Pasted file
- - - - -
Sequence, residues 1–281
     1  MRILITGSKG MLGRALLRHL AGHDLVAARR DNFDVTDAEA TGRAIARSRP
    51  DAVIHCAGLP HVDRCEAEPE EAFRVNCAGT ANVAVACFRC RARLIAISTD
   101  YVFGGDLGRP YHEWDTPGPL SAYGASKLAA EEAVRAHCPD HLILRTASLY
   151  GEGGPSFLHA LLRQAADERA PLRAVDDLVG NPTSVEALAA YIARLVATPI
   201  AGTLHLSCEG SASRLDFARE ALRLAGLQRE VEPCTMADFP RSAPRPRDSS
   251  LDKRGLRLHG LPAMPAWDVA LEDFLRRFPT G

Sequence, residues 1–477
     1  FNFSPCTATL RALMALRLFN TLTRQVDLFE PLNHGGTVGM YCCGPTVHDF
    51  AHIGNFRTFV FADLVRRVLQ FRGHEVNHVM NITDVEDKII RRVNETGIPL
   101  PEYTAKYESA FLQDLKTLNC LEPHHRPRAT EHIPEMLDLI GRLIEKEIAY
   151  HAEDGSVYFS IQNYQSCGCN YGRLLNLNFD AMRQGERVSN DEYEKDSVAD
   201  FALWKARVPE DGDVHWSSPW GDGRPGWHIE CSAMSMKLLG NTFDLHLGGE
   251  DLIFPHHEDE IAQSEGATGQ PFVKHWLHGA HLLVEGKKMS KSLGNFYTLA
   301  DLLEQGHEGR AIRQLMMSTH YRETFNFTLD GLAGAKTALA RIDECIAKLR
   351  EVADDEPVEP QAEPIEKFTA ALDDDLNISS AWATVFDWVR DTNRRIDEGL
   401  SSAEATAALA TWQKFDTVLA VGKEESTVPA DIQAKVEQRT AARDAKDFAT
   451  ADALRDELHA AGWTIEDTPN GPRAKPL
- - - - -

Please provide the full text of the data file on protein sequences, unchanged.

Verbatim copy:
Sequence, residues 1–281
     1  MRILITGSKG MLGRALLRHL AGHDLVAARR DNFDVTDAEA TGRAIARSRP
    51  DAVIHCAGLP HVDRCEAEPE EAFRVNCAGT ANVAVACFRC RARLIAISTD
   101  YVFGGDLGRP YHEWDTPGPL SAYGASKLAA EEAVRAHCPD HLILRTASLY
   151  GEGGPSFLHA LLRQAADERA PLRAVDDLVG NPTSVEALAA YIARLVATPI
   201  AGTLHLSCEG SASRLDFARE ALRLAGLQRE VEPCTMADFP RSAPRPRDSS
   251  LDKRGLRLHG LPAMPAWDVA LEDFLRRFPT G

Sequence, residues 1–477
     1  FNFSPCTATL RALMALRLFN TLTRQVDLFE PLNHGGTVGM YCCGPTVHDF
    51  AHIGNFRTFV FADLVRRVLQ FRGHEVNHVM NITDVEDKII RRVNETGIPL
   101  PEYTAKYESA FLQDLKTLNC LEPHHRPRAT EHIPEMLDLI GRLIEKEIAY
   151  HAEDGSVYFS IQNYQSCGCN YGRLLNLNFD AMRQGERVSN DEYEKDSVAD
   201  FALWKARVPE DGDVHWSSPW GDGRPGWHIE CSAMSMKLLG NTFDLHLGGE
   251  DLIFPHHEDE IAQSEGATGQ PFVKHWLHGA HLLVEGKKMS KSLGNFYTLA
   301  DLLEQGHEGR AIRQLMMSTH YRETFNFTLD GLAGAKTALA RIDECIAKLR
   351  EVADDEPVEP QAEPIEKFTA ALDDDLNISS AWATVFDWVR DTNRRIDEGL
   401  SSAEATAALA TWQKFDTVLA VGKEESTVPA DIQAKVEQRT AARDAKDFAT
   451  ADALRDELHA AGWTIEDTPN GPRAKPL